Experimental Vaccine Protects Primates Infected with Ebola

September 8, 2014
Davy James, Associate Editor

Progress made on new Ebola drugs as US government pledges resources to West Africa.

While the US government has promised to send military resources to fight the spread of the Ebola virus in Africa, an experimental vaccine has exhibited promising results in protecting primates from the disease.

In a study published online September 7, 2014, in Nature Medicine, researchers evaluated the efficacy of a vaccine that acts similarly to an experimental treatment co-developed by the National Institutes of Health (NIH) and GlaxoSmithKline (GSK), which recently began human testing, as well as another drug in development by Johnson & Johnson that is projected to begin clinical testing in early 2015.

For the study, researchers evaluated the efficacy of the ChAd3 Ebola vaccine in eliciting rapid protection in monkeys. The drug was found to protect all 4 macaque monkeys 5 weeks after inoculation with high levels of the Ebola virus.

The 4 monkeys were inoculated initially with the ChAd3 vaccine, and then again 2 months later with a booster vaccine that contained viral gene segments of Ebola incorporated into a different vector.

The researchers were able to demonstrate durable protection from a prime-boost regimen after all 4 primates were fully protected from infection with high doses of the virus 10 months after initial inoculation.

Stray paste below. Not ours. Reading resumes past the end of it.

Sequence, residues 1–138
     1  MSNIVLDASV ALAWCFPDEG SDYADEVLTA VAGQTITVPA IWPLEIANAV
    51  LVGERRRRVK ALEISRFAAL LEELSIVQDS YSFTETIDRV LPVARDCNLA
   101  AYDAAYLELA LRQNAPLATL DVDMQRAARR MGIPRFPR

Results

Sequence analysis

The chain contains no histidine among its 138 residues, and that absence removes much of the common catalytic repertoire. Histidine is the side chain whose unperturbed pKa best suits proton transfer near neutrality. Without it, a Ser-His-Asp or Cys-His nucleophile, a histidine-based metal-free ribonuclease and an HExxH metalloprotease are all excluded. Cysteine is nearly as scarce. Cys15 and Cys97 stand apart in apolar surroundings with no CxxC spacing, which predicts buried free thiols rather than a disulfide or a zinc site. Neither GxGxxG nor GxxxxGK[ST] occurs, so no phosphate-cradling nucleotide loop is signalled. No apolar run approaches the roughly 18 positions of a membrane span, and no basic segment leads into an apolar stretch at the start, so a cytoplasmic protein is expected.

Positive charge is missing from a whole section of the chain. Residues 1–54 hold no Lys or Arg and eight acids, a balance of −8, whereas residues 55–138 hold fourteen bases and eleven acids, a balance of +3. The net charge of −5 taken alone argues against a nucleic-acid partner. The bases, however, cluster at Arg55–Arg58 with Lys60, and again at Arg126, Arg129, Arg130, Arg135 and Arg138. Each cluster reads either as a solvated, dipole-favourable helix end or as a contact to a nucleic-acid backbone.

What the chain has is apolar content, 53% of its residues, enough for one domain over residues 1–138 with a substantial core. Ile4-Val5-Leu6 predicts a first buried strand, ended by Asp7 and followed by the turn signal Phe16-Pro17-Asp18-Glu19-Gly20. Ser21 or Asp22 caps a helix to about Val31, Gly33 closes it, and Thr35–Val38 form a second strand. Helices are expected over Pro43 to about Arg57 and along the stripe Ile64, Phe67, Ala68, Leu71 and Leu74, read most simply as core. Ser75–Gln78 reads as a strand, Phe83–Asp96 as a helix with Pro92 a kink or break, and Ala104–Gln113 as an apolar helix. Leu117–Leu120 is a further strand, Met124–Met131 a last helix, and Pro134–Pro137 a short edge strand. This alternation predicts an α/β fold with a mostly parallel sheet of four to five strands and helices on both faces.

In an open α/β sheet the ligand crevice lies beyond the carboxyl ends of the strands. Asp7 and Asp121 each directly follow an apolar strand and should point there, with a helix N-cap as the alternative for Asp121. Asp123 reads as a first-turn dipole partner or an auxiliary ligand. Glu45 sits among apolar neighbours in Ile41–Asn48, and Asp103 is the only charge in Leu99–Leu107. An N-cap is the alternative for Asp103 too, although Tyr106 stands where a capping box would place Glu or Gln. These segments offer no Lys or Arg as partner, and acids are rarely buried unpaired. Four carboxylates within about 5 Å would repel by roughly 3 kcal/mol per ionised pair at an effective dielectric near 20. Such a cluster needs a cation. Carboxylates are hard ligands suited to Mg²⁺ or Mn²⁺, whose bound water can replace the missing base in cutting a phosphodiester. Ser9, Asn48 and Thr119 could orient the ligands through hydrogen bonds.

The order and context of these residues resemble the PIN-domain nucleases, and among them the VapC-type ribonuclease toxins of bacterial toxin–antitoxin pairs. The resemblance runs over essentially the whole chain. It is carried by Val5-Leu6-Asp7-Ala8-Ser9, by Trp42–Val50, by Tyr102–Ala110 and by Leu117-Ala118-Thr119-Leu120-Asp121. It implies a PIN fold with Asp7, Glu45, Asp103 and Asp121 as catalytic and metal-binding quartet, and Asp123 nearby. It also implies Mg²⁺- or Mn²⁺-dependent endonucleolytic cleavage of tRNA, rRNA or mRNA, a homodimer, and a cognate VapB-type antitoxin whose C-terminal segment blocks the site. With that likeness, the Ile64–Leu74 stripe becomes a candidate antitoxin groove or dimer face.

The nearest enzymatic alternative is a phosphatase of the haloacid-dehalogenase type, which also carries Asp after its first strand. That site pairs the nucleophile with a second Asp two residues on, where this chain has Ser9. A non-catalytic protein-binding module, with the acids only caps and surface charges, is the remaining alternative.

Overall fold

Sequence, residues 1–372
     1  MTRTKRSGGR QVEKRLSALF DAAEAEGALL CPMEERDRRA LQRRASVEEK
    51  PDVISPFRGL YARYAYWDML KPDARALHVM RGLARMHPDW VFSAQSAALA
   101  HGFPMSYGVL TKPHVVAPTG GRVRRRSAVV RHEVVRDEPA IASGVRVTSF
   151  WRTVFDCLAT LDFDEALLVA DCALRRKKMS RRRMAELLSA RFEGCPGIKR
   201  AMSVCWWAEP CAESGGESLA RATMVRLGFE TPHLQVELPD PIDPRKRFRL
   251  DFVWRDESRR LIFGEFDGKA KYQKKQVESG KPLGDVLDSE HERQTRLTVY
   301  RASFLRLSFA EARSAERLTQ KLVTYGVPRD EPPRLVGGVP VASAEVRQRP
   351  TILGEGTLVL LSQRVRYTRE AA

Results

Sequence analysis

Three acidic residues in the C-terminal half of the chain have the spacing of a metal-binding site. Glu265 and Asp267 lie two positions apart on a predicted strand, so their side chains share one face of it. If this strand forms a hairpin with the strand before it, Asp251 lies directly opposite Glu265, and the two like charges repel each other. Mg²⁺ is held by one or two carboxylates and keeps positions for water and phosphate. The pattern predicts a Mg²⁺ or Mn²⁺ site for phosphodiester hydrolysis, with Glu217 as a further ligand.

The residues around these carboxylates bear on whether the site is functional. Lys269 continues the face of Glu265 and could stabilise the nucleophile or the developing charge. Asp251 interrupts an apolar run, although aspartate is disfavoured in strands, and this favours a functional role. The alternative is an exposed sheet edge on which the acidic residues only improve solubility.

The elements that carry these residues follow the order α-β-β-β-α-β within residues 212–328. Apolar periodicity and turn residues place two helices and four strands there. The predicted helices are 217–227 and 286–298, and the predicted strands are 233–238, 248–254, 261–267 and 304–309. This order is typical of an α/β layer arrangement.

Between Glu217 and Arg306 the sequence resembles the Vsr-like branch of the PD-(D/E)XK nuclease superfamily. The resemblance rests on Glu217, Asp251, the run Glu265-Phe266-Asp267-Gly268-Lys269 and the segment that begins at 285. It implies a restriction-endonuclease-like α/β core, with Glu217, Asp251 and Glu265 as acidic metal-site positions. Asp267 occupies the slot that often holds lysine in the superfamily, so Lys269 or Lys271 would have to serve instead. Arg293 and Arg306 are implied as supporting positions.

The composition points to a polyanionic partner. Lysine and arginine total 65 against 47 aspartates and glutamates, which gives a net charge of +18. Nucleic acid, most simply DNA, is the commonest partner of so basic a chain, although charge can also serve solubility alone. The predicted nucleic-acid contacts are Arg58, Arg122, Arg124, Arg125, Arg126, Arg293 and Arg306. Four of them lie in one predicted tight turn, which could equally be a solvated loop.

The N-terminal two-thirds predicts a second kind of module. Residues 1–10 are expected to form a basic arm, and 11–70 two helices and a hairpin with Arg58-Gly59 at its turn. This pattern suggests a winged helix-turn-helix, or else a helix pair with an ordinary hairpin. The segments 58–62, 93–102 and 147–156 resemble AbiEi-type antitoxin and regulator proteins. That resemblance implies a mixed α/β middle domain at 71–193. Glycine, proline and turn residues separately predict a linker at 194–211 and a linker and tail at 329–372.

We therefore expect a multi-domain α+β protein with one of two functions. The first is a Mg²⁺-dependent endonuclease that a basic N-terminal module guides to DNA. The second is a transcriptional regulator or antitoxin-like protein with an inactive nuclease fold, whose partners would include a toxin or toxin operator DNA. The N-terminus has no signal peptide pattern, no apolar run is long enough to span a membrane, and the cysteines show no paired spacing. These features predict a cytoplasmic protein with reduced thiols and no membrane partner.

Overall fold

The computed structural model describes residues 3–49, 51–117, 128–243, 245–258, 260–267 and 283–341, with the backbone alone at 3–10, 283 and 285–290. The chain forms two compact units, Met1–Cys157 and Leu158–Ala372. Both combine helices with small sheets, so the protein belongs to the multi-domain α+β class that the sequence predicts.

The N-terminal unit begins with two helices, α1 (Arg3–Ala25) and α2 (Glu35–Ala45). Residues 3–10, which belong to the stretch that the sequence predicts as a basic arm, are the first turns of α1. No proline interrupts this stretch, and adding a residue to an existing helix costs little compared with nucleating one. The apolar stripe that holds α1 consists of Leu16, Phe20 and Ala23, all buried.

The candidate drug is based on an attenuated strain of a chimpanzee cold virus, which is used as a carrier to deliver benign genetic material derived from a strain of the Ebola virus. The material contained in the vaccine does not cause an infection; rather, it delivers viral genetic material to human cells without further replication, allowing the recipient’s cells to express a protein that generates an immune response.

The Phase 1 trials for the drug are anticipated to conclude by the end of the year, while deployment of the drug could be fast-tracked if the vaccine is determined to be safe and immunogenic, the NIH said.

Meanwhile, in light of a death toll that has climbed above 2000 and nearly 4000 confirmed and suspected cases in West Africa, US President Barack Obama said Sunday on NBC’s Meet the Press that the country will step up relief efforts for the region, including military equipment and support for international health care workers.

Without support, Obama noted, the virus could mutate to become more transmissible, which could represent a serious health threat to the United States and the rest of the world.

“We’re going to have to get US military assets just to set up, for example, isolation units and equipment there to provide security for public health workers surging from around the world,” Obama said in a report published in the Washington Post.

The announcement followed a dire warning last week from Doctors Without Borders that the window to stop the virus from becoming a global biological disaster is rapidly closing.

“The clock is ticking and Ebola is winning,” said Doctors Without Borders International President Joanne Liu, MD, in a press release. “The time for meetings and planning is over. It is now time to act. Every day of inaction means more deaths and the slow collapse of societies.”